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Proceedings Paper

High-resolution CCD imaging alternatives
Author(s): D. L. Brown; D. E. Acker
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Paper Abstract

High resolution CCD color cameras have recently stimulated the interest of a large number of potential end-users for a wide range of practical applications. Real-time High Definition Television (HDTV) systems are now being used or considered for use in applications ranging from entertainment program origination through digital image storage to medical and scientific research. HDTV generation of electronic images offers significant cost and time-saving advantages over the use of film in such applications. Further in still image systems electronic image capture is faster and more efficient than conventional image scanners. The CCD still camera can capture 3-dimensional objects into the computing environment directly without having to shoot a picture on film develop it and then scan the image into a computer. 2. EXTENDING CCD TECHNOLOGY BEYOND BROADCAST Most standard production CCD sensor chips are made for broadcast-compatible systems. One popular CCD and the basis for this discussion offers arrays of roughly 750 x 580 picture elements (pixels) or a total array of approximately 435 pixels (see Fig. 1). FOR. A has developed a technique to increase the number of available pixels for a given image compared to that produced by the standard CCD itself. Using an inter-lined CCD with an overall spatial structure several times larger than the photo-sensitive sensor areas each of the CCD sensors is shifted in two dimensions in order to fill in spatial gaps between adjacent sensors.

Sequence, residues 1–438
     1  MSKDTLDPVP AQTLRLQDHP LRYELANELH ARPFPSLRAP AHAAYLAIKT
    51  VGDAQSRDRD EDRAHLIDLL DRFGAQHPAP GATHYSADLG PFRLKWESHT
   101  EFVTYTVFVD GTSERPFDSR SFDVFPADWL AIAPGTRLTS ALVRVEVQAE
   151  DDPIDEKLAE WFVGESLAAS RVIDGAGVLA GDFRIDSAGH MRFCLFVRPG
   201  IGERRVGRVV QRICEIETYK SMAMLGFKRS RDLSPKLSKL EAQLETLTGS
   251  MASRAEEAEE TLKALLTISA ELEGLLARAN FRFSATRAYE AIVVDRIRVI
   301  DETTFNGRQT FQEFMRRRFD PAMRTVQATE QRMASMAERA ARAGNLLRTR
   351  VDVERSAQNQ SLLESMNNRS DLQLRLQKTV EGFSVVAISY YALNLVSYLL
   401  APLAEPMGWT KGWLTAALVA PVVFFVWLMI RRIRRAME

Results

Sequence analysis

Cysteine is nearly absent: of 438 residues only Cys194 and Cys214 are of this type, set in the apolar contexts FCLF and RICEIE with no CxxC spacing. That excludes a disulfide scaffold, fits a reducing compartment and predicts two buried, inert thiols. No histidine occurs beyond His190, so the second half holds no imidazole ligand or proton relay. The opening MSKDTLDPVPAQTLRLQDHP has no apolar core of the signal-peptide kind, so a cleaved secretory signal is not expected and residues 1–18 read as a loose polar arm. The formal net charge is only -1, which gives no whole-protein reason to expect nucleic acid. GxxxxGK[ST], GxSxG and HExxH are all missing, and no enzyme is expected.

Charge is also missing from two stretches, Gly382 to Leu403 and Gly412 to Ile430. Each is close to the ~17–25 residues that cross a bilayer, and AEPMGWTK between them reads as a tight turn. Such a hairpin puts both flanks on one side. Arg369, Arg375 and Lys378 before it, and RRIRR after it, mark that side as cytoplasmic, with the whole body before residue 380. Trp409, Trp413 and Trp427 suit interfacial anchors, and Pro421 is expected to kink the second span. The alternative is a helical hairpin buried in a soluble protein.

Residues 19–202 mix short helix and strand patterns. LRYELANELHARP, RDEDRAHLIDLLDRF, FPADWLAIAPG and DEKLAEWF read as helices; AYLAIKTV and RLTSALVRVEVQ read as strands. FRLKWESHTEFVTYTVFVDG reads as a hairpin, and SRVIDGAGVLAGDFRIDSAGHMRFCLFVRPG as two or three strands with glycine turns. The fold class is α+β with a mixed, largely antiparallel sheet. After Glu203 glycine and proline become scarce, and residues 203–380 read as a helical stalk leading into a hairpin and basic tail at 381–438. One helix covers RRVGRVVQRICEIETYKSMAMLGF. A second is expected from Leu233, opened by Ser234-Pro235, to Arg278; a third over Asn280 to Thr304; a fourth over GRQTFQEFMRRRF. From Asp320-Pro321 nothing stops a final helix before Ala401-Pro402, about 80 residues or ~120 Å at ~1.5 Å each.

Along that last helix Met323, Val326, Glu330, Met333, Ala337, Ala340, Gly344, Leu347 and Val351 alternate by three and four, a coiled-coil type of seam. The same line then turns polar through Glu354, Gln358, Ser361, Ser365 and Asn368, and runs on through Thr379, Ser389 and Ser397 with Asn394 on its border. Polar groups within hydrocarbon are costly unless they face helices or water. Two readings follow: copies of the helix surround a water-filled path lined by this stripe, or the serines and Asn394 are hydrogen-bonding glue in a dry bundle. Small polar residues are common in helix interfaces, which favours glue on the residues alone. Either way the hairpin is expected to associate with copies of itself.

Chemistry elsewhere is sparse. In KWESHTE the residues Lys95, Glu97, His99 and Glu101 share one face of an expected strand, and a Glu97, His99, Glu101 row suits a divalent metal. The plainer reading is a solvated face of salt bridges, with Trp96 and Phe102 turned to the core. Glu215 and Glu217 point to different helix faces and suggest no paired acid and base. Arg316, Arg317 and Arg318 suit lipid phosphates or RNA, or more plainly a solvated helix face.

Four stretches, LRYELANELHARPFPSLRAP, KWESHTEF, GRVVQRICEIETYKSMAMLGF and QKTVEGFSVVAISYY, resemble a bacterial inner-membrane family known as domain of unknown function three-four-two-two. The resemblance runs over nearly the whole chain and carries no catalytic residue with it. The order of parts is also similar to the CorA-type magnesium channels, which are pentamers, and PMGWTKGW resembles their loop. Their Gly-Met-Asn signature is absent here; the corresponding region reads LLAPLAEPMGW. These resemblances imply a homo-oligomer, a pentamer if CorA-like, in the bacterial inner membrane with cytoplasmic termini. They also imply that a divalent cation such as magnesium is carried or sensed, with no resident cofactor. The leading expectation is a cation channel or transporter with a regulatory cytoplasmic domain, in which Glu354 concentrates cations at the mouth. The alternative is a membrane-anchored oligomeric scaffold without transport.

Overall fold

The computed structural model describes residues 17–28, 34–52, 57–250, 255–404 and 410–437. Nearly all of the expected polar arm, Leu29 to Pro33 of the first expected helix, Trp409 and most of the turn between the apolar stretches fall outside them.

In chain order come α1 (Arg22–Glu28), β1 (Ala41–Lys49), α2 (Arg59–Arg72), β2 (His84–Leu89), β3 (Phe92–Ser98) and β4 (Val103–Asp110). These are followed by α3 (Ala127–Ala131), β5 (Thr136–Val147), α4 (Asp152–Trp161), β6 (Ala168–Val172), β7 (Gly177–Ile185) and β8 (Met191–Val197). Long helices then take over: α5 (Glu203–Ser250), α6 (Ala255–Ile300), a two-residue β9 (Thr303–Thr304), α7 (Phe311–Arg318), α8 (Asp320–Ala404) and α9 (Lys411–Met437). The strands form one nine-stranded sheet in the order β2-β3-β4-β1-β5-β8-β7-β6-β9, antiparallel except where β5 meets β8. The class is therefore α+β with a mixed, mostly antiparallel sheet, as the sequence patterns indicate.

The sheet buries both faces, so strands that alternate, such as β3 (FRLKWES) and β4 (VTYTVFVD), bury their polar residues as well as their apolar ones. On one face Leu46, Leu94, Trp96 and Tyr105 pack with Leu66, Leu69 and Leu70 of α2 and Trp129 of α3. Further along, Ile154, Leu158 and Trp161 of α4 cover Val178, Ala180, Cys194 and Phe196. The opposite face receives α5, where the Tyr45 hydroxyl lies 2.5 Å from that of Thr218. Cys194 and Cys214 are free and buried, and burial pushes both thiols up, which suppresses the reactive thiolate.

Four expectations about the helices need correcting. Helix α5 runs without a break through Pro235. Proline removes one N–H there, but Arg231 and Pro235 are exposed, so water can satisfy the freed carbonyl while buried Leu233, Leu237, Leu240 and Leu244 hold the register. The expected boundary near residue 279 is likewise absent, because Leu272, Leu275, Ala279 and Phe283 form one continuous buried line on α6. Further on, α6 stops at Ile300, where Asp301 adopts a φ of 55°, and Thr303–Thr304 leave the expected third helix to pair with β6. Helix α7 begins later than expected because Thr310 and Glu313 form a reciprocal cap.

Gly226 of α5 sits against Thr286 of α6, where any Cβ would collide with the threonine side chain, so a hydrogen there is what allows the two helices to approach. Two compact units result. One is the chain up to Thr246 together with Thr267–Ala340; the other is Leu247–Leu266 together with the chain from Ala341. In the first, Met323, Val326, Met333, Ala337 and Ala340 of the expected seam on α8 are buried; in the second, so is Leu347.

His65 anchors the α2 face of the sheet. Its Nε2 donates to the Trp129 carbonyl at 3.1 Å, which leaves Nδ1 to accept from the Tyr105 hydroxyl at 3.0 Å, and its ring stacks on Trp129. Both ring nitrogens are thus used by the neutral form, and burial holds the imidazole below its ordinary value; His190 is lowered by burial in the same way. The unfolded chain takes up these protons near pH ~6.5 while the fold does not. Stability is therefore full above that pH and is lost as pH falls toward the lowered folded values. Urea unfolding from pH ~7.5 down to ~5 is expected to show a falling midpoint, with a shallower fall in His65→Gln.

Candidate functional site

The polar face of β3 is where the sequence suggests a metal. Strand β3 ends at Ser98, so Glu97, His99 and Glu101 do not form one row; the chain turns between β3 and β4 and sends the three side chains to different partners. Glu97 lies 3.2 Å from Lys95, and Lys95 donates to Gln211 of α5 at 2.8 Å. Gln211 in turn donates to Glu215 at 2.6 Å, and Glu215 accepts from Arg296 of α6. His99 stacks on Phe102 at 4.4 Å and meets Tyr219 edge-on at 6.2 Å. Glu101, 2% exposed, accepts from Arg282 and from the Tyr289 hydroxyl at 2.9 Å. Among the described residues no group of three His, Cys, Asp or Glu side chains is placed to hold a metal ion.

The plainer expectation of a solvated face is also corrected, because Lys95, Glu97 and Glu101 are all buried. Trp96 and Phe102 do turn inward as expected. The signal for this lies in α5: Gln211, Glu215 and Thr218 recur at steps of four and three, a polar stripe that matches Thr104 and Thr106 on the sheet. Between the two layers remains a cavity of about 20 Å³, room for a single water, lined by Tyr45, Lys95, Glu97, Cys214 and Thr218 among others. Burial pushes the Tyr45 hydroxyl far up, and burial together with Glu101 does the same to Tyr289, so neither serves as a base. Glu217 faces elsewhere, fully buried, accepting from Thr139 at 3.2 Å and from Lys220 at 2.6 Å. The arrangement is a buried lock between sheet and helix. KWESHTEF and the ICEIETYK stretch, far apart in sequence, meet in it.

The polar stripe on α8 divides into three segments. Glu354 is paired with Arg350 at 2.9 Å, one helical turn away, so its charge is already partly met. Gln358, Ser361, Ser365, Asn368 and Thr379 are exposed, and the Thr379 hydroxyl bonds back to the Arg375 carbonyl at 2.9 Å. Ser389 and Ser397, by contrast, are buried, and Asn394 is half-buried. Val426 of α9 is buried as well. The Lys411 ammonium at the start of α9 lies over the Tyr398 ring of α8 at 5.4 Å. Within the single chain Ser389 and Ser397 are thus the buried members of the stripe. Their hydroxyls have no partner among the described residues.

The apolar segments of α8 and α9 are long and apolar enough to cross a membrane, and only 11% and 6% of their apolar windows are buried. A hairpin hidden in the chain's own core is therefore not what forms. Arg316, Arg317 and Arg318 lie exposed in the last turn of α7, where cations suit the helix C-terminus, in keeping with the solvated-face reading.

Paper Details

Date Published: 12 August 1992
PDF: 17 pages
Proc. SPIE 1656, High-Resolution Sensors and Hybrid Systems, (12 August 1992); doi: 10.1117/12.135938
Show Author Affiliations
D. L. Brown, FOR.A Corp. of America (United States)
D. E. Acker, FOR.A Corp. of America (United States)

Published in SPIE Proceedings Vol. 1656:
High-Resolution Sensors and Hybrid Systems
Morley M. Blouke; Winchyi Chang; Laurence J. Thorpe; Rajinder P. Khosla, Editor(s)

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